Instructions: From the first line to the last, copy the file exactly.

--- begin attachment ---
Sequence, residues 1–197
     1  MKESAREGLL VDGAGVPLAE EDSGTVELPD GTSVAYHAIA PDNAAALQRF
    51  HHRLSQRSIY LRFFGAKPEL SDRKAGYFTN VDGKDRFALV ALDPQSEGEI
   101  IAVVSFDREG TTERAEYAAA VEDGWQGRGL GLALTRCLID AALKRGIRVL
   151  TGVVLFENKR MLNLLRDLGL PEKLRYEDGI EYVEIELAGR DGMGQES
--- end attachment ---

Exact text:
Sequence, residues 1–197
     1  MKESAREGLL VDGAGVPLAE EDSGTVELPD GTSVAYHAIA PDNAAALQRF
    51  HHRLSQRSIY LRFFGAKPEL SDRKAGYFTN VDGKDRFALV ALDPQSEGEI
   101  IAVVSFDREG TTERAEYAAA VEDGWQGRGL GLALTRCLID AALKRGIRVL
   151  TGVVLFENKR MLNLLRDLGL PEKLRYEDGI EYVEIELAGR DGMGQES